"Just a minute, please, ladies and gentlemen, just a minute. I have just found out--I should have known it sooner, but I was late in coming to this meeting--that the speaker who has just addressed you has done so in behalf of the Belgian Relief Fund. I understand that he is a well-known Canadian humourist (ha! ha!) and I am sure that we have all been immensely amused (ha! ha!). He is giving his delightful talks (ha! ha!)--though I didn't know this till just this minute--for the Belgian Relief Fund, and he is giving his services for nothing. I am sure when we realise this, we shall all feel that it has been well worth while to come. I am only sorry that we didn't have a better turn out to-night. But I can assure the speaker that if he will come again, we shall guarantee him a capacity audience. And I may say, that if there are any members of this association who have not paid their dollar this season, they can give it either to myself or to Mr. Sibley as they pass out."
With the amount of accumulated experience that I had behind me I was naturally interested during my lecture in England in the chairmen who were to introduce me. I cannot help but feel that I have acquired a fine taste in chair men. I know them just as other experts know old furniture and Pekinese dogs. The witty chairman, the prosy chairman, the solemn chairman,--I know them all. As soon as I shake hands with the chairman in the Committee room I can tell exactly how he will act.
There are certain types of chairmen who have so often been described and are so familiar that it is not worth while to linger on them. Everybody knows the chairman who says; "Now, ladies and gentlemen, you have not come here to listen to me. So I will be very brief; in fact, I will confine my remarks to just one or two very short observations." He then proceeds to make observations for twenty-five minutes. At the end of it he remarks with charming simplicity, "Now I know that you are all impatient to hear the lecturer. . . ."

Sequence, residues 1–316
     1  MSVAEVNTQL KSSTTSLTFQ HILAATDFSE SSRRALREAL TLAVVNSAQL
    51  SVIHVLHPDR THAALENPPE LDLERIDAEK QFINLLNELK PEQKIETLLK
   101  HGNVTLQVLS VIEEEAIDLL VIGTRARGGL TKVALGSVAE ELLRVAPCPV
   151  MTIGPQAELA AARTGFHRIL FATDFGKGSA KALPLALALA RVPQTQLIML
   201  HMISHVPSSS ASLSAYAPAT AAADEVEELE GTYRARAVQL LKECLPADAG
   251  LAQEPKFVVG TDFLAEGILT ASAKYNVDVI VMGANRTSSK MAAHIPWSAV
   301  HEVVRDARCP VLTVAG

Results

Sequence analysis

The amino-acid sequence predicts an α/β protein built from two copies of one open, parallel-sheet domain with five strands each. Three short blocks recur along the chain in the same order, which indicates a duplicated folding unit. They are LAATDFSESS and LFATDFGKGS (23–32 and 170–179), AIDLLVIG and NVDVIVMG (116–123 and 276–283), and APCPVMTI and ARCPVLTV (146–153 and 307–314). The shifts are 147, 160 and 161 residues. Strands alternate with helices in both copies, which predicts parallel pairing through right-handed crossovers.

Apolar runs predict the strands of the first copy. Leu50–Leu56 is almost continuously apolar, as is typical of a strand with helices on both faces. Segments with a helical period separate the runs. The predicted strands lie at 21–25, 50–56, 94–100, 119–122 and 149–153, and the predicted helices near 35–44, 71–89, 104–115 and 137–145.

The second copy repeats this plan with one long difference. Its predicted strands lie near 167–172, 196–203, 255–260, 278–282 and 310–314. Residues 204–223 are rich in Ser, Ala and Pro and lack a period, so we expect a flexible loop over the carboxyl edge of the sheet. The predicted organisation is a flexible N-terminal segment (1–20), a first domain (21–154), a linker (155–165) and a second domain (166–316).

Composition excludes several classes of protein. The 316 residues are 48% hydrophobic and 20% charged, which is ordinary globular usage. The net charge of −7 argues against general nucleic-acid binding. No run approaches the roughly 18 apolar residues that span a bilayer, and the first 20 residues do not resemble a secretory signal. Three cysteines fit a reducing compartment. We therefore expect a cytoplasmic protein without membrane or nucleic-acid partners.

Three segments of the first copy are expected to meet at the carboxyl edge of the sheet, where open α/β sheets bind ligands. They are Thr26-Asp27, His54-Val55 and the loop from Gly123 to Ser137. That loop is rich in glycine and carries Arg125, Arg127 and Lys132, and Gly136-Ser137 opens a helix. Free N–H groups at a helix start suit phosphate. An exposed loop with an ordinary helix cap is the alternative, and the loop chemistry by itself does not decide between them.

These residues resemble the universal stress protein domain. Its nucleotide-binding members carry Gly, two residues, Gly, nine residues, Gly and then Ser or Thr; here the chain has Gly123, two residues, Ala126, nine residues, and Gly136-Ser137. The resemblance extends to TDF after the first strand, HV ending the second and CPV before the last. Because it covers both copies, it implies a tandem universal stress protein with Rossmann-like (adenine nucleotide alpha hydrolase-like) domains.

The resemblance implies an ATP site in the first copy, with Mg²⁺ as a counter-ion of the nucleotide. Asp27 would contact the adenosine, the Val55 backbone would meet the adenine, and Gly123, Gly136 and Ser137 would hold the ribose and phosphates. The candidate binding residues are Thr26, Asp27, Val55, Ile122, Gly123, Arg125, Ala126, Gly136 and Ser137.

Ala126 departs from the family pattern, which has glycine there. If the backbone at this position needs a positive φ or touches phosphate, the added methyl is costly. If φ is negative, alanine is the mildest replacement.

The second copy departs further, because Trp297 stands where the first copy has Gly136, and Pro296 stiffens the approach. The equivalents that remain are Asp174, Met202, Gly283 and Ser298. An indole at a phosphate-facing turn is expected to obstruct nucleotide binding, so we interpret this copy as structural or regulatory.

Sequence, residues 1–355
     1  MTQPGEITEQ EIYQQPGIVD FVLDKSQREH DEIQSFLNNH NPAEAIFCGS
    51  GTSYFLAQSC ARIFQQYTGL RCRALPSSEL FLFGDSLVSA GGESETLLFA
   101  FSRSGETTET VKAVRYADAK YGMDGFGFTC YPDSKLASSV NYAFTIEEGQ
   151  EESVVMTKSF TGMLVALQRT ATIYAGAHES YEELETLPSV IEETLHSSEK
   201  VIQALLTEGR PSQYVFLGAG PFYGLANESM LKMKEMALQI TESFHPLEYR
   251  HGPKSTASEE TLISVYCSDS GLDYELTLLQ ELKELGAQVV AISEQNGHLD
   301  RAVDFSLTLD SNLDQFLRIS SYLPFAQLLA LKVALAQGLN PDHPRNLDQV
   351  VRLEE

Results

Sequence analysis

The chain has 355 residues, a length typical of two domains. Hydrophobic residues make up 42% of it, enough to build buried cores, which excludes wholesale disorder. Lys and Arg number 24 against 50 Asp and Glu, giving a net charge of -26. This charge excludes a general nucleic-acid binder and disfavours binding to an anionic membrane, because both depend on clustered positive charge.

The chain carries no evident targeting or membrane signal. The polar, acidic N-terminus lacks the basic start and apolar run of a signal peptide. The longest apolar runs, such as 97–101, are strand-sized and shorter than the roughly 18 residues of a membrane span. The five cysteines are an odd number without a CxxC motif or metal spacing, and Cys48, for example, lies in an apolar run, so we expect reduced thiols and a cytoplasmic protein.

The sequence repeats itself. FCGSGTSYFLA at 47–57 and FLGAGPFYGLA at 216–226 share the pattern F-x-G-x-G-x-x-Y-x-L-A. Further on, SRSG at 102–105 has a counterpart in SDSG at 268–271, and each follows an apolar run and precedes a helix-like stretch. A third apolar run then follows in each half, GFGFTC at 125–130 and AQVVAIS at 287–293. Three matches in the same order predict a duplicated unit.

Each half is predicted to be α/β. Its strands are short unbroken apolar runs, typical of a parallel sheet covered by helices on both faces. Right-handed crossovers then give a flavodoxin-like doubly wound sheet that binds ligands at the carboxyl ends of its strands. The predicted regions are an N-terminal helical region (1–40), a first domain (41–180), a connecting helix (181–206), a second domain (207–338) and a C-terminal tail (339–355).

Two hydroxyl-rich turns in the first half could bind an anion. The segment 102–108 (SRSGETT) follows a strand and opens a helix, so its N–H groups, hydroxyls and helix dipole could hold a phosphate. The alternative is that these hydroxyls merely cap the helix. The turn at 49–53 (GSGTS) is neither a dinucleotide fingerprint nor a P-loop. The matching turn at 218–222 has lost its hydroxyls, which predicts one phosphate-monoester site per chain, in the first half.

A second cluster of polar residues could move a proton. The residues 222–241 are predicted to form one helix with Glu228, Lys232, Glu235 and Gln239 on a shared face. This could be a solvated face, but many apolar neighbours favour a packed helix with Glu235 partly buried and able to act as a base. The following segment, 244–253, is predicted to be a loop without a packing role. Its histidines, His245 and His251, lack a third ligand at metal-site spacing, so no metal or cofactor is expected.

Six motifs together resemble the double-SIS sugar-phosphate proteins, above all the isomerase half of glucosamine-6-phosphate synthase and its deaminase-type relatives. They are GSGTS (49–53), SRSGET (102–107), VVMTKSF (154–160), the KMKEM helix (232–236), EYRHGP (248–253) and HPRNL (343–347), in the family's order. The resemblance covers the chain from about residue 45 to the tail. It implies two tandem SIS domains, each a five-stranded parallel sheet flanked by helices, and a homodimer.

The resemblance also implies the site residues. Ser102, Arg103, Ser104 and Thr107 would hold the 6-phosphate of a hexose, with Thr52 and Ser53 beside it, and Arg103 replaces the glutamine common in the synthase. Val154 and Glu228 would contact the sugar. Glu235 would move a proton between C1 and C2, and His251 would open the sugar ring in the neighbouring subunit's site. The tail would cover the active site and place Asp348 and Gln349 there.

And everybody knows the chairman who comes to the meeting with a very imperfect knowledge of who or what the lecturer is, and is driven to introduce him by saying:
"Our lecturer of the evening is widely recognised as one of the greatest authorities on; on,--on his subject in the world to-day. He comes to us from; from a great distance and I can assure him that it is a great pleasure to this audience to welcome a man who has done so much to,--to,--to advance the interests of, --of; of everything as he has."
But this man, bad as he is, is not so bad as the chairman whose preparation for introducing the speaker has obviously been made at the eleventh hour. Just such a chairman it was my fate to strike in the form of a local alderman, built like an ox, in one of those small manufacturing places in the north of England where they grow men of this type and elect them into office.
"I never saw the lecturer before," he said, "but I've read his book." (I have written nineteen books.) "The committee was good enough to send me over his book last night. I didn't read it all but I took a look at the preface and I can assure him that he is very welcome. I understand he comes from a college. . . ." Then he turned directly towards me and said in a loud voice, "What was the name of that college over there you said you came from ?"
"McGill," I answered equally loudly.